You set your own asking price and post a description and images of your item. There’s also a dedicated messaging function to allow you to interact with potential buyers without giving personal contact details.
4. Pawn America
Pawn America is based in Minnesota and Wisconsin, but can handle shipments from across the USA. The process is slightly different, depending on where you live.
To start with, you’ll fill in an online form, and submit it together with photographs of your gemstones and jewelry. You’ll also need to send a photograph of yourself, one of your driver’s license, and one of you, your items and your driver’s license together.
If you live locally, you can then bring your items to a local store. If you don’t, you’ll need to mail them. You’ll be provided with a shipping label free of charge, although you’ll need to pay for any insurance. You’ll receive an estimate by text or email within an hour of the item being received.
If you accept the valuation, payment is loaded onto a JELLI card, which you use like a debit card. If you don’t accept, you’ll need to pay a charge for your items to be returned to you.
FirstCash operates over 2,700 pawn shops across the USA and Latin America. They’ll accept gem-set jewelry, but may not buy loose stones.
You’ll need to visit a store for your item to be appraised. But as long as you’re near a branch, the process is quick and easy. And you can get your money the same day.
Note that the transaction isn’t quite the same as a sale. You’ll be exchanging your item for a loan for a specified period, usually 30 days. At the end of that time, you can pay back the loan plus interest and retrieve your item. Or you can decide not to pay, and ownership of your item will pass to the pawn shop.
Tiffany Buyer buys gemstones direct, and takes a wide range of different stones. As well as the standard rubies, emeralds and sapphires, it accepts alexandrite, aquamarine, jade, opal and spinel. Check out the website for a full, up-to-date list.
You can get a quick quote by filling in an online form and uploading images of your gemstones. A quote will be provided, and you’ll then need to send your items by registered post. You’ll be responsible for arranging insurance.
Payments are made quickly by bank transfer. The funds should appear in your account within 24 hours of the item being received.
7. WP Diamonds
WP Diamonds are another broker that promises you’ll receive funds within 24 hours of accepting their offer. They buy loose diamonds, diamond jewelry and designer jewelry.
The process begins with you completing a form on the website, providing details of your gemstones. You’ll find this much easier if you have a certificated diamond with details of the color, carat and clarity. If you don’t, an online diamond calculator will help you assess the carat weight.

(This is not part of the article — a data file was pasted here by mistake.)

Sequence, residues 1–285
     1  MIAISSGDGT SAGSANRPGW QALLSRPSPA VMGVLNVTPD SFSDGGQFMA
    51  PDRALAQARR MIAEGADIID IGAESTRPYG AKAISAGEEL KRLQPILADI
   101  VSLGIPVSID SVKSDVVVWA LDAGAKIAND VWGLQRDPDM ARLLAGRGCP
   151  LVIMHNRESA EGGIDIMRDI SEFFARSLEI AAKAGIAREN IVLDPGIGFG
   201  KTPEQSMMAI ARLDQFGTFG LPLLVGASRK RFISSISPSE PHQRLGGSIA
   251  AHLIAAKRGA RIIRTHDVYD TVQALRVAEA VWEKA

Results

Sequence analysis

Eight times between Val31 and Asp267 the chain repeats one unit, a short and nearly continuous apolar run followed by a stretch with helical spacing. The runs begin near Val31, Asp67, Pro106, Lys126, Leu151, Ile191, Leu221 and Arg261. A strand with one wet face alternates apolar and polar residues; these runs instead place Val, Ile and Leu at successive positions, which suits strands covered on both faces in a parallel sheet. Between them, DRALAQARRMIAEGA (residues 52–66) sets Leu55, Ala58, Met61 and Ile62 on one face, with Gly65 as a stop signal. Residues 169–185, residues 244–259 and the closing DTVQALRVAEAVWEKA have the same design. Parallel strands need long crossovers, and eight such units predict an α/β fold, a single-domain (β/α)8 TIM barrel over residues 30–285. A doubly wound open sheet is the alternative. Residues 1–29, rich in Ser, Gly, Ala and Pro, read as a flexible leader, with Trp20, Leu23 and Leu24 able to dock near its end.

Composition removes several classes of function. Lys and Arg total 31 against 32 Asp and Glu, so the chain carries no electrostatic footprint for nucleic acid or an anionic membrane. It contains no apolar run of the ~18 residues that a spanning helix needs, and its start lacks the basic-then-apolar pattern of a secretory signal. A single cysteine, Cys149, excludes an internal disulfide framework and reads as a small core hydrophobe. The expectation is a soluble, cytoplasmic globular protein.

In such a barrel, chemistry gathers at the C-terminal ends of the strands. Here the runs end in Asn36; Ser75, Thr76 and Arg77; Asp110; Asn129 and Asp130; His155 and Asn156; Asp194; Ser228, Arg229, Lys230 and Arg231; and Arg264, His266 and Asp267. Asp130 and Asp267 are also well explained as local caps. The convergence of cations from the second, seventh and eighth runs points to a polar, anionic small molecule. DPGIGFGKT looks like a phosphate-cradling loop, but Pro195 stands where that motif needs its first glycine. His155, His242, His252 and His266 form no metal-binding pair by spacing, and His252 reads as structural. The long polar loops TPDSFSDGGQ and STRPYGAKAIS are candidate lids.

You’ll then receive an estimate in the form of a range, which will be confirmed on receipt of your item. Shipping and insurance are provided free of charge. WP Diamonds will even handle the process for you if you need to make a claim.
If you’re looking to sell diamond jewelry or loose diamonds, Diamond Buyers could be for you. They’ll also buy high-end pieces by the likes of Bulgari or Cartier.
They’re located in Houston, Texas, and you can take your gemstones there for appraisal. Your items will be appraised while you’re there, and you’ll receive an offer straight away. Payment is made immediately if you choose to accept it.
Alternatively, fill in a form online, or call the helpline to discuss your gemstones. Then request a “Sure Ship” kit to get your items securely to the store. Shipping and insurance costs are covered for you, and you’ll be able to watch a video of your item being unpacked and appraised.
An offer is made within 24 hours of appraisal, with immediate payment via check or wire transfer if you accept. And unlike some firms, if you decline the offer, they’ll return your items to you free of charge.
Ready to sell your gemstones?
We hope our guide to where to sell your gemstones has helped you in your research. There are lots of good options out there, whatever the value of your items. Pawnbrokers, jewelers, auction houses and peer-to-peer marketplaces all have something different to offer.
Just make sure you check for costs like shipping or insurance. And remember that different companies have different processes and timescales for making payments.
Here’s wishing you all the best for a smooth and profitable transaction.